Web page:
Bangalore: The king cobra that lazes in a fort-like enclosure at the zoo in the Bannerghatta National Park, just outside this city, has a new patron saint. And, fittingly enough for the Indian tech capital, he is a code-jock.
Sushrutha Nadig, a computer engineer at a local unit of Hewlett-Packard Co., provides for the feeding of the king cobra, whose diet includes other non-poisonous snakes and lizards, by shelling out Rs5,500 every year.
Nadig, 25, has also adopted an Indian Russell’s viper, the earth-coloured poisonous snake, and a pair of jungle fowl at the zoo. Both the zoo and the park are run by the Karnataka forest department.
On a visit to Bannerghatta last November, Nadig—an aspiring wildlife protection officer—found that the park allowed individuals and corporations to adopt animals and birds for a fee. The average cost is arrived at based on how much it takes to feed a bird or an animal. And in return for their cheques, patrons get their names put on a board outside the enclosure of the animal or bird they adopt.
Nadig has paid Rs10,000 to adopt the animals. That includes Rs3,000 for the Russell’s viper and Rs1,500 for the jungle fowl.
“I found this the easiest way to contribute for animal welfare,” said Nadig, who gets multiple entry passes for five people in a year to the park, a 109 sq. km habitat for tigers, lions, bears and deer, just 15 km south of software development centres of IT majors such as IBM Corp., Infosys Technologies Ltd and Accenture Ltd.
But for the park, which started its adopt-a-resident programme in 2002, patrons such as Nadig are getting rarer to find than some of its endangered species. It earned Rs23,500 from adoption fees of six animals through the year ended March 2007, just about a third of Rs66,980 it earned in the previous year from the sponsorship of 29 animals and reptiles.
All of this, meanwhile, is a small proportion of the Rs3.71 crore generated from annual rentals and gate-fee collections. However, park authorities hope that more people such as Nadig will adopt residents of the zoo as general awareness of wildlife and environment conservation grows.
“There is lot of interest, but it takes time for people to commit some money for causes such as these,” said K.B. Markandaiah, deputy conservator of forests, who heads the park. He said he has written to leading software companies in Bangalore and is still hopeful of hearing from them on his animal adoption proposal.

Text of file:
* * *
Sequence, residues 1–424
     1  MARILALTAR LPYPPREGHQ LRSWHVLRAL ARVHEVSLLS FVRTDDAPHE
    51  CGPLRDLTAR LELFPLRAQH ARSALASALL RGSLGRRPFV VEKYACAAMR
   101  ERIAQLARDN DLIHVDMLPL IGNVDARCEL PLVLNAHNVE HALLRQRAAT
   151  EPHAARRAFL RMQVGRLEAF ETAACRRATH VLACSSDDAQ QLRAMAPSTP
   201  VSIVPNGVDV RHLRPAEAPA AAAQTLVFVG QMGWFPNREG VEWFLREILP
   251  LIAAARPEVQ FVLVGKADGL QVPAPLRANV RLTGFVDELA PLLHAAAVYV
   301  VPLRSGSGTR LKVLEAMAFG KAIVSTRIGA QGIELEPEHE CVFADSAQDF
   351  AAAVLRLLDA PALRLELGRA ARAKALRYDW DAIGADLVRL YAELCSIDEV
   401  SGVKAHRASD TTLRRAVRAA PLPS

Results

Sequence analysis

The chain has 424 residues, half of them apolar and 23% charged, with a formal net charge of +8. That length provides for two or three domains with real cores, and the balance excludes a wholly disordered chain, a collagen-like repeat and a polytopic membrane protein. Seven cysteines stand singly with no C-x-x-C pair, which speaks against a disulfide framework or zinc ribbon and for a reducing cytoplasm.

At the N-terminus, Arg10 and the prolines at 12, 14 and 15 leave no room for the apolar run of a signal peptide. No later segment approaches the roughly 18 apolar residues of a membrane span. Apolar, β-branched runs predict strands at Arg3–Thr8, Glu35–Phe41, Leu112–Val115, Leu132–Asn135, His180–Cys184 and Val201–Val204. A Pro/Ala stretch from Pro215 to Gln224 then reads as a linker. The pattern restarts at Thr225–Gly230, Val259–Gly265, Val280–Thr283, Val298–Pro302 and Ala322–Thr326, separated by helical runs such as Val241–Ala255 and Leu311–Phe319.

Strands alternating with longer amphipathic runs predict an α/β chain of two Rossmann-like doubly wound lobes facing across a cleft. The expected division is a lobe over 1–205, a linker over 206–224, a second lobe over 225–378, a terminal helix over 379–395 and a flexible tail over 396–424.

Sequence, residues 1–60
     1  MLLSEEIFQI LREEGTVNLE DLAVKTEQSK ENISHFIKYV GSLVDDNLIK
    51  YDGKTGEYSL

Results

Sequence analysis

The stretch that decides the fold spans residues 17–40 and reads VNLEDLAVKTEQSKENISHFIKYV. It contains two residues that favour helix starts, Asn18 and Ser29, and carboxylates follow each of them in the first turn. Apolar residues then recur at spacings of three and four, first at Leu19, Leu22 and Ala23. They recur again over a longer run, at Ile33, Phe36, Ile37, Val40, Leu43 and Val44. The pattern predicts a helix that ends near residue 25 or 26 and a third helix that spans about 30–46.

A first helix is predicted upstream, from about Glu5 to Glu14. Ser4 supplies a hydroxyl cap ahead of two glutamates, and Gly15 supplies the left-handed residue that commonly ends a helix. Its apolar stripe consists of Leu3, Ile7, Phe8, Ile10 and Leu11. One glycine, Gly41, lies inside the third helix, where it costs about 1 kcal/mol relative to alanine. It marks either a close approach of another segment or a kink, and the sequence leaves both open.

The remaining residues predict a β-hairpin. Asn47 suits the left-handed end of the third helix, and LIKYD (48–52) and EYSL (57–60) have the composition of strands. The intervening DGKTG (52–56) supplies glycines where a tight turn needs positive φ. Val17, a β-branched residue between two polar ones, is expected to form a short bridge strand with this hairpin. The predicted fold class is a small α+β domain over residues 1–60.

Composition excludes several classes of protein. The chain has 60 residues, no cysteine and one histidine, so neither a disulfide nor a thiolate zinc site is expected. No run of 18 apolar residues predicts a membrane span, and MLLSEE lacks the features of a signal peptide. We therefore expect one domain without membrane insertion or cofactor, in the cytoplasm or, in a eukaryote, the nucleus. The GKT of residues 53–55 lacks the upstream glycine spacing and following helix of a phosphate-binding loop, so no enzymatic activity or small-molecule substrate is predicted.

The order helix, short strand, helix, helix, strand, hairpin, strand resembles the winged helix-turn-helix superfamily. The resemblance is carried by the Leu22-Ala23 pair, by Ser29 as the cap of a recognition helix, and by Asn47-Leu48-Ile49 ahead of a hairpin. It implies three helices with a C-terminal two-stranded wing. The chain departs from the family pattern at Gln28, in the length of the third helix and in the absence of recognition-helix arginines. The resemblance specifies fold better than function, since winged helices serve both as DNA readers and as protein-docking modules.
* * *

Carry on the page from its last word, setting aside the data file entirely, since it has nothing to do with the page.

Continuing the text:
Commitment could be the other issue. The wildlife club of the outsourcing arm of HSBC Bank, located on the road named after the national park, had adopted a Royal Bengal white tiger for a year in 2004, but did not renew the contract further, Markandaiah said. The club, however, still has its name on a board outside the tiger’s enclosure.
The Bannerghatta Park began the experiment a year after the Mysore zoo or Sri Chamarajendra Zoological Gardens—founded in 1892 and among the oldest zoos in the world—launched the adoption programme in 2001 that saw public support coming for seven animals.
In the year to March 2007, around 112 animals and birds were adopted in Mysore, earning it Rs5.5 lakh. Among the adopters is Prasad Vijayapuram, a consultant for real-estate companies, who paid Rs6,000 each to feed, till April next, two macaws, the colourful birds from Central and South America. “We blow millions of rupees on entertainment and holidays, why not some for these animals,” said Vijayapuram.
Several other zoos, including the one in Lucknow, also allow adoption of birds and animals and charge anything from Rs500 to feed a pair of lovebirds to as much as Rs1 lakh for an elephant.
Last week, keepers at the Bannerghatta Park were excited that their adopt-a-resident programme could get a boost from another unlikely quarter: cricket, a game that a nation of a billion people is fanatic about. Visiting the zoo was Indian cricket team captain Rahul Dravid, who, according to one of the zoo officials, expressed an interest in sponsoring a zoo resident’s upkeep.